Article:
Even the platforms have warned against it. They’d normally welcome all the sweeteners they can get.
But if we must must have more ISA complications, then it had better be an additional ISA. Not an unhelpful disincentive on private investors putting their money into global markets, by restricting how they can invest the existing £20,000 ISA allowance.
Put that light out!
What we really need is for these tax wrappers to be set in stone, and the annual limits indexed to inflation.
Perhaps they might be usefully reviewed once every 5-10 years. But not every six months! We are trying to plan for our lifetimes with our personal finances. Not for the electoral cycle.
The uncertainty around the Lifetime Pensions Allowance is a case in point. Hunt sensibly scrapped it last year. But Labour – presumed to be the government in waiting – says it’ll bring it back.
How are people supposed to make life-changing decisions about their pensions in this light?
Returning again to the FT:
…some advisers are recommending their clients crystallise excess funds to protect against a future tax charge, but with no guarantees. Wealth manager Tideway Wealth is advising clients […] to crystallise ahead of any election and ideally before April 5. After that date there are some changes to pension death benefits which you may want to avoid by doing the crystallisation before then.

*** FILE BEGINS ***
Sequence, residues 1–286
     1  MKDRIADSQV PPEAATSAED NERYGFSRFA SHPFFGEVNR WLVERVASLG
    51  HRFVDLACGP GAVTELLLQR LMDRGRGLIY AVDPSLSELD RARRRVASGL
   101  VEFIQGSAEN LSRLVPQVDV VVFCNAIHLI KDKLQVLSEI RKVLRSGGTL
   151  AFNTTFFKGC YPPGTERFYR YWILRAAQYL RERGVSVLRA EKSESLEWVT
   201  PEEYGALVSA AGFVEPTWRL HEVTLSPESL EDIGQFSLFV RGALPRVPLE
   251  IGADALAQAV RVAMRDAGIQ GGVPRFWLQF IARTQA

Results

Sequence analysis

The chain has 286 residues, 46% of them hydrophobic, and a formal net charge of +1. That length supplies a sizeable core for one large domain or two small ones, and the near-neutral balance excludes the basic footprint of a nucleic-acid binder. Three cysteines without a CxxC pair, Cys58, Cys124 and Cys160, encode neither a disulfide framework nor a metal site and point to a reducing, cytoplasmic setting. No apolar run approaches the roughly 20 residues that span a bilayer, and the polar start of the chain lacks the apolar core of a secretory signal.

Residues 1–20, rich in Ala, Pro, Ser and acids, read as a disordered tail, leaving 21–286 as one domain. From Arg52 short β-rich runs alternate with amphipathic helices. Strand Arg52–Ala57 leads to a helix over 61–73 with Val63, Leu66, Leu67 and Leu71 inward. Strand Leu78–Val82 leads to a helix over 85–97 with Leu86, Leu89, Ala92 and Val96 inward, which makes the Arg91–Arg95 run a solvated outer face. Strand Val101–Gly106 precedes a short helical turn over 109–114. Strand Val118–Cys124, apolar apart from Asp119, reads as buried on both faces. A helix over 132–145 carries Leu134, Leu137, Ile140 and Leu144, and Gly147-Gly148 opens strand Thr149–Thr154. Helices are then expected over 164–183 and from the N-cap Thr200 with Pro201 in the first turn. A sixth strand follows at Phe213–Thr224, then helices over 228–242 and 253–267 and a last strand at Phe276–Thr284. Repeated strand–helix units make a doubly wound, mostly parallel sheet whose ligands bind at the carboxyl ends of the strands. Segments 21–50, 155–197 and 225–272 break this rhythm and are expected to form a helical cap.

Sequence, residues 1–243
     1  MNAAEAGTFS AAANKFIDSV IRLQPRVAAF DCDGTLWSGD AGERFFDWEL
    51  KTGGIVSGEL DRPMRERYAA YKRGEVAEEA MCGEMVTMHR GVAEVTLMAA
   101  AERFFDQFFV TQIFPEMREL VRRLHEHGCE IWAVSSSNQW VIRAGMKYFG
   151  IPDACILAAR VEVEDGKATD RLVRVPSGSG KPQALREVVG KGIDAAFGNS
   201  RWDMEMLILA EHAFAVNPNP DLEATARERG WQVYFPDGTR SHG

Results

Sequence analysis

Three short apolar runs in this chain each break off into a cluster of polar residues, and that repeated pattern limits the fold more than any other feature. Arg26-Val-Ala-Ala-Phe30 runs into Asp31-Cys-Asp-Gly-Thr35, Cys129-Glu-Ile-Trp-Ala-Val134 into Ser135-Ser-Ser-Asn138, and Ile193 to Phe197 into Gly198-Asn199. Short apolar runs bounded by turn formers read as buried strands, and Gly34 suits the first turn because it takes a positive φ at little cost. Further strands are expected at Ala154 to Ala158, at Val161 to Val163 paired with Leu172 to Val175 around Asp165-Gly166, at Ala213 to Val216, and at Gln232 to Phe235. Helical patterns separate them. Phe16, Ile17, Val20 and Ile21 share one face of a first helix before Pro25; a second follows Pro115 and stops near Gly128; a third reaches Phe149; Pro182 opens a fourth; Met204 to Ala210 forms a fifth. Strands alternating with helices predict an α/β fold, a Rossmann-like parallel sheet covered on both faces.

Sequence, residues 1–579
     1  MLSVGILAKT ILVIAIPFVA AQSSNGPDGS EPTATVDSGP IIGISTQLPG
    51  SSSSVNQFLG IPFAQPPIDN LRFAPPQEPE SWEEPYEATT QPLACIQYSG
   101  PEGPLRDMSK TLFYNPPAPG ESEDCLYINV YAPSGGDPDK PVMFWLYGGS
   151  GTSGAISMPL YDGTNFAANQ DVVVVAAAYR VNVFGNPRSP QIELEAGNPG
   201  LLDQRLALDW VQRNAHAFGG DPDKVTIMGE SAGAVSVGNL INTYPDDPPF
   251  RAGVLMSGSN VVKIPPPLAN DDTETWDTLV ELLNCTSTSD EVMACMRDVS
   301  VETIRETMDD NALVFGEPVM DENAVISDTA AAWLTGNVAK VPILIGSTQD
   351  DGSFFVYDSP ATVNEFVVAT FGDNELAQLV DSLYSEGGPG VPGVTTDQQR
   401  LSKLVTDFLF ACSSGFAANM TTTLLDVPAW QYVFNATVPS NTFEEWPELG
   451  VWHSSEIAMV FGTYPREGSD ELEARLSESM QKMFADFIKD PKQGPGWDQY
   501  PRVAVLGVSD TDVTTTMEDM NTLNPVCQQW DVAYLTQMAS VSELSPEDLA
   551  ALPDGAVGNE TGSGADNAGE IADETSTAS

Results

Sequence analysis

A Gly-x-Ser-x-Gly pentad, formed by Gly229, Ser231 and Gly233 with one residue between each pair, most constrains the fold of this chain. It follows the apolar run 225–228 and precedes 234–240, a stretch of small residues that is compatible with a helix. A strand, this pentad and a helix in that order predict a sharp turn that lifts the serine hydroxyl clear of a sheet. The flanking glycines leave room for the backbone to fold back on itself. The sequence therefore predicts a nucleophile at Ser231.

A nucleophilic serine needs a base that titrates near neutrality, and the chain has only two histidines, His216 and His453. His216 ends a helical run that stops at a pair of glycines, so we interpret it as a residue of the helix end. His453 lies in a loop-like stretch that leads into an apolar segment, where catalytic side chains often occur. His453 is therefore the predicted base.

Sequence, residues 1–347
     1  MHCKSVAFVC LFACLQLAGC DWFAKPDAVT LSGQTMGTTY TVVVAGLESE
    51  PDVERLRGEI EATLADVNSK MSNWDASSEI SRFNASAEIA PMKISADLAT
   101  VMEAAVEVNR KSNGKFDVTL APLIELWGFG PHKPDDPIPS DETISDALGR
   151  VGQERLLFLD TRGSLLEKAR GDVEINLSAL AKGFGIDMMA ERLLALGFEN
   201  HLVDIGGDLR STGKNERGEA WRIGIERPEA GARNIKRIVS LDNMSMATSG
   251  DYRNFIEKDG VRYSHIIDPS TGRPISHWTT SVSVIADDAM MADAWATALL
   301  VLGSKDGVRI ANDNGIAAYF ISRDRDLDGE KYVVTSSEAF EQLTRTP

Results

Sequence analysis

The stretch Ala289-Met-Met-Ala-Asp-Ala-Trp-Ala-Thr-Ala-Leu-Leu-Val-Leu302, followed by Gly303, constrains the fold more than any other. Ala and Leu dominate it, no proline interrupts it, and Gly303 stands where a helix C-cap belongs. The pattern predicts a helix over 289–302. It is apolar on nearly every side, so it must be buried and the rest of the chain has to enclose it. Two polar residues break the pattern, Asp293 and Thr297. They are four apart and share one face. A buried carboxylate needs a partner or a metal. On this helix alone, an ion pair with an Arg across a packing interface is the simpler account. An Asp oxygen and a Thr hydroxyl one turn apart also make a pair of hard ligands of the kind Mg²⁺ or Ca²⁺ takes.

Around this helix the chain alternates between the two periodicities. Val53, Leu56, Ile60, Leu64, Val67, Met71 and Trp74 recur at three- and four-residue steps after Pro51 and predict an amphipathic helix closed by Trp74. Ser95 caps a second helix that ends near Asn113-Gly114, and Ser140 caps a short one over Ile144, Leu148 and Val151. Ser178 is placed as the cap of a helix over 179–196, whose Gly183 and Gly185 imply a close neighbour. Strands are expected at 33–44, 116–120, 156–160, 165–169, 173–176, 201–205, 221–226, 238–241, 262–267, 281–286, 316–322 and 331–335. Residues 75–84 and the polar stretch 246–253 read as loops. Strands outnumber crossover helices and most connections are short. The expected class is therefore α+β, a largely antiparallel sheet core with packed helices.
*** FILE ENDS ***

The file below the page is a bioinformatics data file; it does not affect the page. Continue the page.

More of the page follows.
Or then again, maybe they shouldn’t? The article is full of caveats and on the other hands and rightly so.
Pension are complicated enough, without adding a Wheel of Fortune angle to the legislation.
Remember these are savings amassed over 30-40 years that are meant to last for decades more to come. They should not be subject to the last-minute whims of politicians of any stripe.
Ho hum. For a more sober roundup of the announcements Hunt could make next week, head over to Which.
Let’s see where we stand by the end of play Wednesday.